Jesus’ attitude is revealed in two actions in today’s passage. First, He “made himself nothing, taking on the very nature of a servant”. For us to take on this attitude, like Jesus, we must first die to self. Only when we have given up the rights to our own selfish desires and wants can we truly take on the heart of a servant. From this place of surrender, Jesus was able to meet all where they were at and to meet their needs as He could. The idea expressed by John the Baptist applies well here: I must become less so that He can become more.

The second attitude we see today is, “he humbled himself and became obedient to death”. In many ways, the second is like the first attitude. It is maybe an extension of the first too. Humility does have something to do with becoming nothing, but it also acknowledges God’s role in our successes. We see God’s presence as what brings us success in following Jesus. It is not our own doing. Over and over Jesus credited God. So too should we. The idea of becoming obedient to death helps us to understand the depth of commitment to the other. First most of us, sacrifice of time or resources is what will be required. But for some, it may be the giving one’s life. It is hard to know if we could do such a thing when pressed to the choice.

Today and every day, may we strive to have the attitude of Jesus Christ, loving and serving all we meet.

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Slaves to God

Reading: Romans 6: 15-23

Verse 22: Now that you have been set free from sin and have become slaves to God, the benefit you reap leads to holiness, and the result is eternal life.

Paul begins by proposing the idea that we are either a slave to sin or a slave to God.  The slave analogy implies a complete obedience of free will.  Yes, we may choose to sin.  Or we may choose to be obedient to God.  But once the choice is made, we become as a slave – doing the total will of either sin or of God.  It is the first of two stark contrasts in today’s passage.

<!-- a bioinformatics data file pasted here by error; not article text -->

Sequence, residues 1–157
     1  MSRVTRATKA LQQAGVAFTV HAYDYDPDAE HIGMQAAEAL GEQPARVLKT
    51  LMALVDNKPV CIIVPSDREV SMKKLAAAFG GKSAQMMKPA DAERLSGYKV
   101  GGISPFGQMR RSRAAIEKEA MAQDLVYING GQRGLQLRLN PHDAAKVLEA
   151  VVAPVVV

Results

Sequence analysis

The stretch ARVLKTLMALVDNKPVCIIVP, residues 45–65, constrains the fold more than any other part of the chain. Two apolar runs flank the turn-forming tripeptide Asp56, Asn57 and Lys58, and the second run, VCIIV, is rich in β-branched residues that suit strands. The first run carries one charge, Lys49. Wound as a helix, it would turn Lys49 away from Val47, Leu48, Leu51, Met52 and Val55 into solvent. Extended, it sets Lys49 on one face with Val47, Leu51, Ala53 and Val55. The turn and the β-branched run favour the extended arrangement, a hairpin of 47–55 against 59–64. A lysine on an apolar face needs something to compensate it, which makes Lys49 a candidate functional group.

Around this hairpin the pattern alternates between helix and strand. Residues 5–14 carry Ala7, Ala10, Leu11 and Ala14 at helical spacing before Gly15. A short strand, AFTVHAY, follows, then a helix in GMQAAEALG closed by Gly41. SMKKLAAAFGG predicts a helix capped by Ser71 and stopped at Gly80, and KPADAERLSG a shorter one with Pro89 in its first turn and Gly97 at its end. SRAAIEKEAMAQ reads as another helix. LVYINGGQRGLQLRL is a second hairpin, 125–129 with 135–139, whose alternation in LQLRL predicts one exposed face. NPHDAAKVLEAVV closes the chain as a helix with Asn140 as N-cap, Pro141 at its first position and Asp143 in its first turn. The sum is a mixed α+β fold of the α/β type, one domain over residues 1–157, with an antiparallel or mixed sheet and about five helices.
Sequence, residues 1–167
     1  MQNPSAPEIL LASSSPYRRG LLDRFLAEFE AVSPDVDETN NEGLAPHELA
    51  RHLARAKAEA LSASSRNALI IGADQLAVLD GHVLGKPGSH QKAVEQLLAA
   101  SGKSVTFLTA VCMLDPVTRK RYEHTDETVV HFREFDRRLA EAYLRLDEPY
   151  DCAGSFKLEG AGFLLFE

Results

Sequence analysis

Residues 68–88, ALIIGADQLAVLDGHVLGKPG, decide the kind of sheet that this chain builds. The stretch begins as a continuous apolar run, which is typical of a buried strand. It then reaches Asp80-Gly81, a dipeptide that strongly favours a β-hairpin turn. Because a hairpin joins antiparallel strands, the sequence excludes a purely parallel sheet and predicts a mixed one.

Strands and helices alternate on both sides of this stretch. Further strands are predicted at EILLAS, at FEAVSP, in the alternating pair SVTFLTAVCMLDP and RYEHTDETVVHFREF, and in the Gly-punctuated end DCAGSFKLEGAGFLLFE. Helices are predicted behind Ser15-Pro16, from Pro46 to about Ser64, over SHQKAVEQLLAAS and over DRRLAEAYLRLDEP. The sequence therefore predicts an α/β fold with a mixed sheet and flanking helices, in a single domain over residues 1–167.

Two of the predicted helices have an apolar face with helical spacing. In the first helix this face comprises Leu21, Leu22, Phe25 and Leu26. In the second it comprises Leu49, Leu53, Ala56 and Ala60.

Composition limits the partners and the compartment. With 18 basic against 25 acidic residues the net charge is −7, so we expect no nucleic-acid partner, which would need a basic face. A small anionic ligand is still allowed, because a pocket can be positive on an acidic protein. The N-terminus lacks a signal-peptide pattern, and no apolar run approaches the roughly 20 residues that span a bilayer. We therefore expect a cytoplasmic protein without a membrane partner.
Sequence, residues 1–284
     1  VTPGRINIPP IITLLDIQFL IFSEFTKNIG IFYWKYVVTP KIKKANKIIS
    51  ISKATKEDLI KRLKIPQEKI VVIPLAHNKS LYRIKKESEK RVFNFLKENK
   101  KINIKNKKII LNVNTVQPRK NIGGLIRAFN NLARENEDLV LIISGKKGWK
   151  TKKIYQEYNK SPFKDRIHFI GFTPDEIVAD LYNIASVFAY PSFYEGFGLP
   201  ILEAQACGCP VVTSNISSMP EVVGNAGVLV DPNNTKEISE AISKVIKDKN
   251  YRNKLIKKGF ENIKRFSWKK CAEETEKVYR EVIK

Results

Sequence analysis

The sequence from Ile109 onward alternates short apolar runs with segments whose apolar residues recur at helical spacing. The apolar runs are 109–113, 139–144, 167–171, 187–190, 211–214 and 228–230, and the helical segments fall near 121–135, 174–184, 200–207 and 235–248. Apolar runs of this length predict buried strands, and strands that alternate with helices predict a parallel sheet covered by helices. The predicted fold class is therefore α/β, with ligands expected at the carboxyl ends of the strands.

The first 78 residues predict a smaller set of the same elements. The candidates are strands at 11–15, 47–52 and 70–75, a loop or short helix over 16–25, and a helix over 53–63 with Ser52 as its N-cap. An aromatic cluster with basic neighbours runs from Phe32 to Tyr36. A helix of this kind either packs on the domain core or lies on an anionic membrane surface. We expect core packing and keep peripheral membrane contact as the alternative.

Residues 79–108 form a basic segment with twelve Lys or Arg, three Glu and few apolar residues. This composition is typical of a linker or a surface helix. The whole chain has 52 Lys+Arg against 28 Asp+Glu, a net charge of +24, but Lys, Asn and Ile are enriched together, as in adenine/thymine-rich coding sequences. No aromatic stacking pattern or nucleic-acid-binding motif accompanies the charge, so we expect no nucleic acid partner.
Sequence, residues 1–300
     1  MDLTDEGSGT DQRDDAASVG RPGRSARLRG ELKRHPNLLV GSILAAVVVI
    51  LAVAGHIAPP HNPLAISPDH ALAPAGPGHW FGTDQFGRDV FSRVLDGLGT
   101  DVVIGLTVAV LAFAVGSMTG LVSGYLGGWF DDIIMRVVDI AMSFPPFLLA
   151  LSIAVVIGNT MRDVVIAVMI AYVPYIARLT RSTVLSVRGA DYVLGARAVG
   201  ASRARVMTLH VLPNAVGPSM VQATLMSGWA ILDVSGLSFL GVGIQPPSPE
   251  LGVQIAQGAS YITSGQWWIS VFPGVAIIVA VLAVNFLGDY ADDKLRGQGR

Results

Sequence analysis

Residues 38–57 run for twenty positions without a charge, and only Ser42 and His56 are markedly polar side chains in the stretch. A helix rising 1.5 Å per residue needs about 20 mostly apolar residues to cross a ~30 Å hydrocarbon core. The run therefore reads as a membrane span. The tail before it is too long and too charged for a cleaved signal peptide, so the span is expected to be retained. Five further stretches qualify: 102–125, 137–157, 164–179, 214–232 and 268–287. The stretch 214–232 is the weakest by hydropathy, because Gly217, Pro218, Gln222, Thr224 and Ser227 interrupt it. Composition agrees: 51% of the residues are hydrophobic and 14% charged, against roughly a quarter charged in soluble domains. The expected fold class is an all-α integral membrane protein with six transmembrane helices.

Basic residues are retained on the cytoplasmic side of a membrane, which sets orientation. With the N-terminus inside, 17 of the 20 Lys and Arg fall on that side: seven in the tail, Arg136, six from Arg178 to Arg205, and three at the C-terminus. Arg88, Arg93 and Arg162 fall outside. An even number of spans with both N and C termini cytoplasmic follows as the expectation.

Paul continues on to share the results of our choice.  If we choose sin, then this choice leads to death.  If we choose God, then our choice leads to life.  This is a sharp contrast: life or death.  To help us in our decision, we are entrusted to teaching that helps us make the correct choice.  This is really what life is all about – we learn so that we can make an informed decision.  As we learn and grow in our faith the choice to be obedient to God becomes an easier choice in the daily decisions we face.  Paul rejoices in the result of good Christian teaching as he writes, “You have been set free from sin and have become slaves to righteousness”.

As our passage draws to a close, Paul writes of the reality we all deal with every day.  He writes that we are weak and that we used to be slaves to sin.  We are weak.  Each and every day we must choose to follow God.  However, it is not a choice we make one day and then never face again.  Each day and each hour and sometimes each second, Satan is right there pushing the choice to sin.  It is a constant battle.  In the big sense, though, our choice is life or death.  As Christians we have made the choice.  In verse 22 Paul writes, “Now that you have been set free from sin and have become slaves to God, the benefit you reap leads to holiness, and the result is eternal life”.  It is a wonderful gift of God.

This day may we each make the choice to be freed from sin, to be slaves to God, and to live a holy life which one day leads to eternal life.

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Bear Witness

Reading: Acts 7: 55-60

Verse 55: Stephen, full of the Holy Spirit, looked up to heaven and saw the glory of God, and Jesus standing at the right hand of God.

Stephen is certainly one filled with the Holy Spirit.  He has taught and performed miracles.  He stood in the Sanhedrin and successfully defended and explained the faith he professes.  He is so filled with the Holy Spirit that he even condemns the most powerful body of Jewish leaders for their role in the death of Christ.  This so outrages them that they are furious and gnash their teeth.  What happens next is today’s reading.

Stephen is a man who will stand up for his faith and belief in God no matter what.  He is a man who will speak the truth, even if it offends others a bit.  He is a man living life fully under the control of the Holy Spirit.  He is a man who trusts his very life to God’s plans and purposes.  All I can say is, “Wow”.  To look in the mirror and to see a slight reflection of who Stephen was would give me pause.

Who do you know that lives like Stephen?  Is there someone in your life that lives fully trusting God and fully obedient to God’s will?  These men and women are few and far between.  Most Christians, myself included, dabble with this type of faith.  We may step outside our routine or our comfort zones every once in a while to make an impact for God.  We may show a depth of faith that at times pleases God.